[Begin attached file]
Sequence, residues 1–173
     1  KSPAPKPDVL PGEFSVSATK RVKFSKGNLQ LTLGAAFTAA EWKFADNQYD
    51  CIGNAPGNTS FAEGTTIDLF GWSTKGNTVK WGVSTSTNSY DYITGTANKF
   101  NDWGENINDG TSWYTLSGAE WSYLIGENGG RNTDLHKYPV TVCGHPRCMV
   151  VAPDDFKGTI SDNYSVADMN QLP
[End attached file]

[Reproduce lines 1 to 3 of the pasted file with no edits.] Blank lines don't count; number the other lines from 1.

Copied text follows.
Sequence, residues 1–173
     1  KSPAPKPDVL PGEFSVSATK RVKFSKGNLQ LTLGAAFTAA EWKFADNQYD
    51  CIGNAPGNTS FAEGTTIDLF GWSTKGNTVK WGVSTSTNSY DYITGTANKF